To determine the correlation between superficial, and intra-operative specimens in diabetic foot infections (DFIs).
We conducted a cross-sectional study in patients with DFIs hospitalized in a Tunisian teaching hospital. Superficial specimens were collected for all patients, and intra-operative specimens were collected in operated patients. The specimens were processed using standard microbiology techniques. Antimicrobial susceptibility testing was carried out according to the protocol established by the European Committee on Anti-microbial Susceptibility Testing. Intra-operative and superficial specimens were considered correlated if they isolated the same microorganism(s), or if they were both negative.
One hundred twelve patients, 81 males and 31 females, mean age 56 years, were included. Superficial samples were positive in 77% of cases, and isolated 126 microorganisms. Among the positive samples, 71% were monomicrobial. The most frequently isolated microorganisms were Enterobacteriaceae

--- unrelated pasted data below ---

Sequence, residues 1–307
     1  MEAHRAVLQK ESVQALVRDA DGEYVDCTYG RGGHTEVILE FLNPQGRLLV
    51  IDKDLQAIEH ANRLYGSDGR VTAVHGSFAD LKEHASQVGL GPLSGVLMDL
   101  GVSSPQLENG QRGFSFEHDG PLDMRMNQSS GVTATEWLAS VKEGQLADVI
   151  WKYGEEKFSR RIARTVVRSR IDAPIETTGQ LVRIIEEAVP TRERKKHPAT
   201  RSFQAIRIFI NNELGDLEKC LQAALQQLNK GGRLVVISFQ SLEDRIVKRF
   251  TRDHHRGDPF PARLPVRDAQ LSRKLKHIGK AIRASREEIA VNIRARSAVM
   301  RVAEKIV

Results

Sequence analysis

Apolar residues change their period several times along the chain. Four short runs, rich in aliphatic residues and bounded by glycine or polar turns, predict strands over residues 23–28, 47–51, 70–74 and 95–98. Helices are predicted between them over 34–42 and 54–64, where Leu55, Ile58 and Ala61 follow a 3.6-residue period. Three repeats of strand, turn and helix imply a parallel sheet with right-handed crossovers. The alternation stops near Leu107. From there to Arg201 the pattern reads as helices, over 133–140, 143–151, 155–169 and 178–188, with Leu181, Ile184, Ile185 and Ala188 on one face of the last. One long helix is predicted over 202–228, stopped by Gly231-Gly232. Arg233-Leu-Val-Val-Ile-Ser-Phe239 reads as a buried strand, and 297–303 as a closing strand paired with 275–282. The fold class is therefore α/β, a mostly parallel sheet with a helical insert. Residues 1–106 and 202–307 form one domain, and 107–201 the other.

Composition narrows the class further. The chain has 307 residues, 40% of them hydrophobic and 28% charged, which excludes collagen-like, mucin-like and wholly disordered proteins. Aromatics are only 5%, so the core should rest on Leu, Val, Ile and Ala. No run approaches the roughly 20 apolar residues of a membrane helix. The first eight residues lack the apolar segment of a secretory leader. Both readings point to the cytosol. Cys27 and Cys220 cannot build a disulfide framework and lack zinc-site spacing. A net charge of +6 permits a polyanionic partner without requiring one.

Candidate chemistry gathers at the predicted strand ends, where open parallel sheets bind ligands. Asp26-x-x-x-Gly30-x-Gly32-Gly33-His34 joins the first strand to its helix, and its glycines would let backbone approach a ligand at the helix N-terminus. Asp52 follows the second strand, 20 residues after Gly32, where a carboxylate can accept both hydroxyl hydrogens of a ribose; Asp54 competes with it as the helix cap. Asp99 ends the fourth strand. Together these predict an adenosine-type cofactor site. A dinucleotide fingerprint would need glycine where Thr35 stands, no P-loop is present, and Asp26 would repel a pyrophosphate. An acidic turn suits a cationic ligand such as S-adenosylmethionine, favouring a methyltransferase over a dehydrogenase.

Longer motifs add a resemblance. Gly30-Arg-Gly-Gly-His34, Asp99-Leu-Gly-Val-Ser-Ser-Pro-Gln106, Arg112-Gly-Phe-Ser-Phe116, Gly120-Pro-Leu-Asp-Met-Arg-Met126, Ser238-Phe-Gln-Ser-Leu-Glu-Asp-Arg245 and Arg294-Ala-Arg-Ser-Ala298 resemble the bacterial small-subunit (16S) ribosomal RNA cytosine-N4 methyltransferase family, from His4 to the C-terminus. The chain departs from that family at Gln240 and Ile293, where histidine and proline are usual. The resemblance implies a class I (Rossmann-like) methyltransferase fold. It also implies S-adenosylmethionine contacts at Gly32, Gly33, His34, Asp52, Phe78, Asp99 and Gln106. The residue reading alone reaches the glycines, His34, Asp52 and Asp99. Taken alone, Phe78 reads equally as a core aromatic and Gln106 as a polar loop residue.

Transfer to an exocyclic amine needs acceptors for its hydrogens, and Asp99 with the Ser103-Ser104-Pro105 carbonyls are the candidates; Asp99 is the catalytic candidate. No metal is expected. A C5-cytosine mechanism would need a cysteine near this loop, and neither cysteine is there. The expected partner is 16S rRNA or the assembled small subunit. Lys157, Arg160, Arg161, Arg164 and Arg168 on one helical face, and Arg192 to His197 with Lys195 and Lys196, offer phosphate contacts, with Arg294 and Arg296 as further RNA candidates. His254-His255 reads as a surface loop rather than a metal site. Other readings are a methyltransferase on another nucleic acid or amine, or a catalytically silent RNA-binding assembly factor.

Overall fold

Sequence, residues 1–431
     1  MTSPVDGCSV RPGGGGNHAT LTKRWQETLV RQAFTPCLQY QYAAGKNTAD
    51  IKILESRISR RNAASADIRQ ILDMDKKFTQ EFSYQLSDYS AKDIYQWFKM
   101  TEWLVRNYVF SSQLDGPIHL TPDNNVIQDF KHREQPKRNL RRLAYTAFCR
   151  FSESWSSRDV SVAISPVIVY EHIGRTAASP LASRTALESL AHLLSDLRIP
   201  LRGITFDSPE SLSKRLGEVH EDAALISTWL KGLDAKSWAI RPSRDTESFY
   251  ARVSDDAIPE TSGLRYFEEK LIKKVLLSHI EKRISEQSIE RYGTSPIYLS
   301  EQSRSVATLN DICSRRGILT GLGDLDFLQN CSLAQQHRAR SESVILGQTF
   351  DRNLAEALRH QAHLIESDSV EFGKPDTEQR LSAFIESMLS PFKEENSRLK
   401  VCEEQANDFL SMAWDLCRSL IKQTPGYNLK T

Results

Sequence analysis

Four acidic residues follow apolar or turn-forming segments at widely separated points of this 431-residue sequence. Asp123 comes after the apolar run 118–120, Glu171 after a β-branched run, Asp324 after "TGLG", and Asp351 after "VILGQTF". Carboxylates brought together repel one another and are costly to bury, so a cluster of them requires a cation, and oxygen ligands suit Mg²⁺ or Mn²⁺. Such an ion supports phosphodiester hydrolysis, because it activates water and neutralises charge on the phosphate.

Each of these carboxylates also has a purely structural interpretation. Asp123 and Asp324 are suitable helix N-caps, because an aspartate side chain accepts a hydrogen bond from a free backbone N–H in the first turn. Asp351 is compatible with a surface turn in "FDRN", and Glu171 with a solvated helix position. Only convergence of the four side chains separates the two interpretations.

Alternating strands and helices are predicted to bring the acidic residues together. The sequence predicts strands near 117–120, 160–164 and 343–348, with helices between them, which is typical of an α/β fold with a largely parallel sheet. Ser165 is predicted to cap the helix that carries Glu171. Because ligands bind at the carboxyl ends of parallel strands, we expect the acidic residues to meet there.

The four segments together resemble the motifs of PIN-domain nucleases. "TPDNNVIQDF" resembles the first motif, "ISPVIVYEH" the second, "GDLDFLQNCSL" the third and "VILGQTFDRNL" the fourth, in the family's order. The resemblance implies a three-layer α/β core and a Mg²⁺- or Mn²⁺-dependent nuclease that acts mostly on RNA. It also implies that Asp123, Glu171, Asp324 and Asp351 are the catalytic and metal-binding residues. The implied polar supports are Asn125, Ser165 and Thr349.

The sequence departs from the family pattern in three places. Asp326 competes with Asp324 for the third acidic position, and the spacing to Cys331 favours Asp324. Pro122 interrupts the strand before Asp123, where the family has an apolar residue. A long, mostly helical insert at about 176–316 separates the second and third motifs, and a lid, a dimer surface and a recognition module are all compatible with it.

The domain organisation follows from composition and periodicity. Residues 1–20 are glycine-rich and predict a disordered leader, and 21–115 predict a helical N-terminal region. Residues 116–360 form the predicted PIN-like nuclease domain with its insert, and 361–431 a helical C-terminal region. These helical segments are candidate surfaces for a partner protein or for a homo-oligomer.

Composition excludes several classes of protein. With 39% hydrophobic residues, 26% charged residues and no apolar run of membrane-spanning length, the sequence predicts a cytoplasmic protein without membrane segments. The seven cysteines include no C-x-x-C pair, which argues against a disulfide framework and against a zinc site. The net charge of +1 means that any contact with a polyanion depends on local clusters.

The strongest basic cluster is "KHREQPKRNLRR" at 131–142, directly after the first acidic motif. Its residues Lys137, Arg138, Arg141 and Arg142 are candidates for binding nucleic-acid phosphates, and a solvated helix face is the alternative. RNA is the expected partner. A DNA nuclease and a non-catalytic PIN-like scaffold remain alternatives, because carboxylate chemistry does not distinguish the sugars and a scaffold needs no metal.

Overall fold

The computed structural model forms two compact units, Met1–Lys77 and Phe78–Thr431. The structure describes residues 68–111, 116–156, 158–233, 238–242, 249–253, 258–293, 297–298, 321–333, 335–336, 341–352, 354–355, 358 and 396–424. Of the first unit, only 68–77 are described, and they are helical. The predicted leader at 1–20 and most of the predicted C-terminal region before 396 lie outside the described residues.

(53%), followed by streptococci
(21%) and Staphylococcus aureus
(17%). Nine microorganisms (7%) were multi-drug resistant. Intra-operative samples were positive in 93% of cases. Superficial specimens were correlated to intra-operative specimens in 67% of cases. Initial antibiotic therapy was appropriate in 70% of cases. The lower-extremity amputation and the mortality rates were 41% and 1%, respectively.
In our study, DFIs were most frequently caused by Enterobacteriaceae
and superficial specimens were correlated to intra-operative specimens in only two thirds of cases. Clinicians should emphasize on the systematic practice of intraoperative specimens in all patients with DFIs treated surgically, while well-performed superficial specimens could be useful for prescribing appropriate antibiotic therapy in other patients.